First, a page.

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  • Suicide Walks & Science Holidays: Conversation and Participation in Speculative Design

Buckley, Louis, 2015, Thesis, Suicide Walks & Science Holidays: Conversation and Participation in Speculative Design MPhil thesis, Royal College of Art.

Abstract or Description:

This practice-based research project investigates a new approach to speculative design that is based on discussion-based events and participatory activities.
Works of speculative design are frequently justified on the basis that they support a public discussion around controversial techno-scientific issues – an idea known as ‘design for debate’. Some commentators have suggested that events and workshops could be an effective means for supporting sustained engagement and dialogue – offering an alternative to the standard speculative design approach of presenting fictional scenarios as objects, images or films.
This research project explores the potential of events as a medium for speculative design through the creation of two practical projects, both of which present a speculative proposal relating to science and technology. The first, ‘Science Holiday’, explores the idea of halting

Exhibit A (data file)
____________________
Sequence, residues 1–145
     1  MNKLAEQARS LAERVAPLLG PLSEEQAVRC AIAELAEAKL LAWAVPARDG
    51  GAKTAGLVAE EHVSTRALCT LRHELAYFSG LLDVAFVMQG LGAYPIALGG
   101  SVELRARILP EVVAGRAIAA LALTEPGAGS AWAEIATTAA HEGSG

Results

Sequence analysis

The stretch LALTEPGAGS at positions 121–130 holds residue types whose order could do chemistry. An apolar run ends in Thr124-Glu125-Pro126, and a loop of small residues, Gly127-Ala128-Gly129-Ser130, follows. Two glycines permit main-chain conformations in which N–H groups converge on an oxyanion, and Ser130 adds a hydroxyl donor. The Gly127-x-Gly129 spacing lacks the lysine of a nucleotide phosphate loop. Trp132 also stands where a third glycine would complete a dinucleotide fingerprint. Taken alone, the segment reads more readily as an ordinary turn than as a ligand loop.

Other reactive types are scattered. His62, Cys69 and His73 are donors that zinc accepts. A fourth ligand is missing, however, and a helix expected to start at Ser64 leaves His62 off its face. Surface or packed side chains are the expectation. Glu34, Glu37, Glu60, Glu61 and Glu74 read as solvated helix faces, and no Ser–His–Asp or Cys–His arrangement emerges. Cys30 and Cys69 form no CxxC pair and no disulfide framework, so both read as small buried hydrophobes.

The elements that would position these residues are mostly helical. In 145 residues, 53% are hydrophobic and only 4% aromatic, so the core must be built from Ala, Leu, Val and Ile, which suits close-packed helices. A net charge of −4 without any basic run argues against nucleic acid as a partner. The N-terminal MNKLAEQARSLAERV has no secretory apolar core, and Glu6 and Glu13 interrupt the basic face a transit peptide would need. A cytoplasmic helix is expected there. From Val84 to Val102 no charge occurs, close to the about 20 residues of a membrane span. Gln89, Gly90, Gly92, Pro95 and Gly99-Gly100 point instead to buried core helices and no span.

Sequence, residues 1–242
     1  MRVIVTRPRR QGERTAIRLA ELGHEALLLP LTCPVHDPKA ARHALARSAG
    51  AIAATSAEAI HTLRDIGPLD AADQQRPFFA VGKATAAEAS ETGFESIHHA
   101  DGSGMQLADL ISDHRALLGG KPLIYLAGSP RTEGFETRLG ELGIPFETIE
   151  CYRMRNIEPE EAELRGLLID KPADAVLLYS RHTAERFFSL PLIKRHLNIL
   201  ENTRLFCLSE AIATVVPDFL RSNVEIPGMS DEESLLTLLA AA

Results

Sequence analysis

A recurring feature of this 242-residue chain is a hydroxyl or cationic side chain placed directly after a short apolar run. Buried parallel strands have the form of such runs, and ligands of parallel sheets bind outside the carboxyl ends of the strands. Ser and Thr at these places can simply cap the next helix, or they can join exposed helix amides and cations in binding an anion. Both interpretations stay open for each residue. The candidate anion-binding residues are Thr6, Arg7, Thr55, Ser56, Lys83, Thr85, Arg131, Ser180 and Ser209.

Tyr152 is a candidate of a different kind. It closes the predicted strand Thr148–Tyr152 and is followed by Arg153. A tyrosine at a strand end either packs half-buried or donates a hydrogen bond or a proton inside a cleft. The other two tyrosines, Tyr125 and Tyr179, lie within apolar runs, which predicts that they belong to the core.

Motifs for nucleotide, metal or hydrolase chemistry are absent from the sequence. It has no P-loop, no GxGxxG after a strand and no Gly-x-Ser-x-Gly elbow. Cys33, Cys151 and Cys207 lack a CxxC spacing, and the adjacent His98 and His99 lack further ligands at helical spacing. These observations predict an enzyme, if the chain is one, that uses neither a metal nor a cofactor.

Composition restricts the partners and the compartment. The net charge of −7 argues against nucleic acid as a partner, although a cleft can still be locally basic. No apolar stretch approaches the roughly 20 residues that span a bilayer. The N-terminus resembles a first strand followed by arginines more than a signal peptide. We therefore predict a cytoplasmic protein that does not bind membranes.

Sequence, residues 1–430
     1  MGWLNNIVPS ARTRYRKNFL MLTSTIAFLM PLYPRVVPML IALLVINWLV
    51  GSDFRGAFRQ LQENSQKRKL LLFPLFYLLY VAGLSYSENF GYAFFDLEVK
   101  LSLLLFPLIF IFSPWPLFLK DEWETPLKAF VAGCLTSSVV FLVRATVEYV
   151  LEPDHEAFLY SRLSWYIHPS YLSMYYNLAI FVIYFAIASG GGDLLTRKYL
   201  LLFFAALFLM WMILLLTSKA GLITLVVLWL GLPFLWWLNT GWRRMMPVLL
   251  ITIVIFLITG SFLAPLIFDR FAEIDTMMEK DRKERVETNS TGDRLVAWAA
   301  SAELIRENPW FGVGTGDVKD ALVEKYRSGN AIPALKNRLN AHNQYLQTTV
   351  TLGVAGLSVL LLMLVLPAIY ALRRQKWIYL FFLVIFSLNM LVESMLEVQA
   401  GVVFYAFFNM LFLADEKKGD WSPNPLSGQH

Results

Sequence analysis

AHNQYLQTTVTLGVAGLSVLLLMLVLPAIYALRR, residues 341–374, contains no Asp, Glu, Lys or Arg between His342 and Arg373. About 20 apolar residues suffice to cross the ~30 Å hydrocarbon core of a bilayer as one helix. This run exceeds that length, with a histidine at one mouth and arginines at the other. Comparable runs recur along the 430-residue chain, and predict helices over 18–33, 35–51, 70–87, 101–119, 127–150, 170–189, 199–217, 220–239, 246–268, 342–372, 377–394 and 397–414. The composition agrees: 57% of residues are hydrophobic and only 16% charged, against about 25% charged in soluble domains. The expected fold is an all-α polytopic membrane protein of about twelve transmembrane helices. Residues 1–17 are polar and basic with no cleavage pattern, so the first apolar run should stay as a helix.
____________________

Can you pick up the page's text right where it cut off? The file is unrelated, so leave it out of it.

all scientific research for a period of one year; the second, ‘A 100-Mile Conversation’, puts for- ward a proposal for a suicide-themed walk through the English countryside. Both projects were presented in non-gallery spaces and were designed to facilitate discussion and encourage audiences to imagine futuristic scenarios.
Analysis of the two projects, which draws on literature from participatory and dialogical art and from accounts of scientific institutions that have sought to run debates with public groups, identifies a number of issues and challenges that speculative design faces when it moves away from gallery-based displays and towards events and activities held in other public spaces. These include questions regarding authorship, documentation and display, and the need for greater awareness among designers of the motives behind many initiatives that seek to engage public groups with scientific topics.
In conclusion, the project makes claims for the potential benefits of an event-based approach to speculative design, but argues that the strong emphasis on ‘design for debate’ is insufficient - and possibly even misleading - when seeking to assess the value of the field.

Qualification Name: MPhil
Subjects: Other > Physical Sciences > F200 Materials Science
Creative Arts and Design > W200 Design studies
Creative Arts and Design > W200 Design studies > W290 Design studies not elsewhere classified
School or Centre: School of Design
Date Deposited: 16 Jun 2015 15:15
Last Modified: 22 Mar 2017 11:56
URI: http://researchonline.rca.ac.uk/id/eprint/1686

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